For all of the predictions flying back and forth about what 2013 holds for the arts and culture sector in the United States, one of the few things we can say with near-certainty is that 2013 will be a year of major transition for the Cultural Data Project (CDP). Our sector’s largest-scale effort to quantify andRead More
Arts research is broken. Here’s how to fix it.
The NEA opens up about its process for defining and evaluating creative placemaking projects and initiatives, positing that almost any successful creative placemaking project would make a difference to its community in at least one of four ways: strengthening the infrastructure that supports artists and arts organizations; increasing community attachment; improving quality of life; and/or driving local economies.
One of creative placemaking’s original champions explains why she can’t get behind the field’s latest measurement efforts.
On October 1 the science section of the New York Times ran two articles next to each other. One of them describes a recent study that concluded young children at play display behaviors similar to those of scientists, suggesting scientific inquiry is driven by human instinct. The other refers to the alarming extent to whichRead More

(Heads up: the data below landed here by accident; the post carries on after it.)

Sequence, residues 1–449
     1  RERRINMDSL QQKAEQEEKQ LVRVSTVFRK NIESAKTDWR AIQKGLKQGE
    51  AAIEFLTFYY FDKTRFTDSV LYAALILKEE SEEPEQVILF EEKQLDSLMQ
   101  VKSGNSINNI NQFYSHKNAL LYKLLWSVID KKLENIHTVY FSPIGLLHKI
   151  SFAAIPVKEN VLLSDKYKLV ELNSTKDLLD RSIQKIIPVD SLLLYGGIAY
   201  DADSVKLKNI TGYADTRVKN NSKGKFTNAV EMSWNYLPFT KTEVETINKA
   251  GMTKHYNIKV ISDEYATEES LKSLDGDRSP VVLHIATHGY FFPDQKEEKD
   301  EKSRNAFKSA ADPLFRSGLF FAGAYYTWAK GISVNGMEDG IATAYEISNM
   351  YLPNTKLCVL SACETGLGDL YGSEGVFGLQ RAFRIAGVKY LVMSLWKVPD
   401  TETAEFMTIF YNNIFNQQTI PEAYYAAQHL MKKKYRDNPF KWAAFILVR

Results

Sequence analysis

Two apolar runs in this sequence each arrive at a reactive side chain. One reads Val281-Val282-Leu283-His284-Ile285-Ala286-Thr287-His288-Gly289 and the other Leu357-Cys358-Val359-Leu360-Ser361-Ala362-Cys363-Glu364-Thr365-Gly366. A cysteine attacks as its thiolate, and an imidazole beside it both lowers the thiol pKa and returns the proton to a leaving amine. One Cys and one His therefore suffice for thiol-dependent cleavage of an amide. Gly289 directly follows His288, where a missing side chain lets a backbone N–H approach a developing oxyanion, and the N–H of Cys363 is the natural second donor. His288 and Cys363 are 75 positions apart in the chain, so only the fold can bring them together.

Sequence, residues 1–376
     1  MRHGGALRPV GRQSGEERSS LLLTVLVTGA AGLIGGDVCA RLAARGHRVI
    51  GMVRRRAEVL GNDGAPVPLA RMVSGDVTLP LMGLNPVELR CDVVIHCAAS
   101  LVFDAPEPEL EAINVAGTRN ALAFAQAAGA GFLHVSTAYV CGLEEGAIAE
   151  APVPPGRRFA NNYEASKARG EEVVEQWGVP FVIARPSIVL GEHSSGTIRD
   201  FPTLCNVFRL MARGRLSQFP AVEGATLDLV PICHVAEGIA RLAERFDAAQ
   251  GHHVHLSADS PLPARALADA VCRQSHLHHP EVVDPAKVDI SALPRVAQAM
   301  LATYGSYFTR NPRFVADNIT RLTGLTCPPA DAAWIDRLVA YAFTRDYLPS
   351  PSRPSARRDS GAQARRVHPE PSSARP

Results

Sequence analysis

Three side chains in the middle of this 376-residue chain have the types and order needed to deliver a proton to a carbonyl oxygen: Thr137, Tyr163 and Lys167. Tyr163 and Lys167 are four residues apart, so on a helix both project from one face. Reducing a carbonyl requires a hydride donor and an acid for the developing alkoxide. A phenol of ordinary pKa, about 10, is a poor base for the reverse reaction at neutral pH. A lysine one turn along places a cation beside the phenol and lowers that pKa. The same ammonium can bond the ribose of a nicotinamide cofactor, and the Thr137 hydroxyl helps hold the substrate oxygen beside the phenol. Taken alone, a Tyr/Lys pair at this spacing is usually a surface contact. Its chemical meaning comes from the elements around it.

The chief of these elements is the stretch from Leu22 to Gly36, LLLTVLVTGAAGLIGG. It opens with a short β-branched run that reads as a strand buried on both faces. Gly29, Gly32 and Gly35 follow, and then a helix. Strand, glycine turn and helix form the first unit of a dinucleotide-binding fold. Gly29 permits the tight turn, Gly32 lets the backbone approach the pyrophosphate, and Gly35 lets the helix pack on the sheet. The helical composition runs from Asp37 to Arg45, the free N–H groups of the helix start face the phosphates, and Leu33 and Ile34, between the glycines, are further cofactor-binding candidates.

IN THE FIELD RIP Artnet Magazine; more here. I will always be grateful to Artnet’s Ben Davis for being just about the only arts journalist worth his salt during the whole Yosi Sergant debacle. Congratulations to GiveWell, which has announced a not-quite-merger with Good Ventures, an emerging foundation led by Cari Tuna and Dustin Moskovitz (the latter is one of theRead More
They’re flexible, they’re transparent, and chances are, they’re already in your head.
ART AND THE GOVERNMENT Weird, the very day that the Huffington Post published my “debate” with Carla Escoda about arts funding, the New York Times published a “Room for Debate” feature on a very similar topic. Something in the water? Anyway, Sean Bowie has a nice summary if you don’t have time to read all eight entries. TheRead More
Federal policymakers and private philanthropists are spending millions of dollars on creative placemaking without having developed a clear and detailed theory of how it works.
The impact of public art seems harder to measure than almost anything else imaginable. Some have tried anyway. Here’s what they came up with.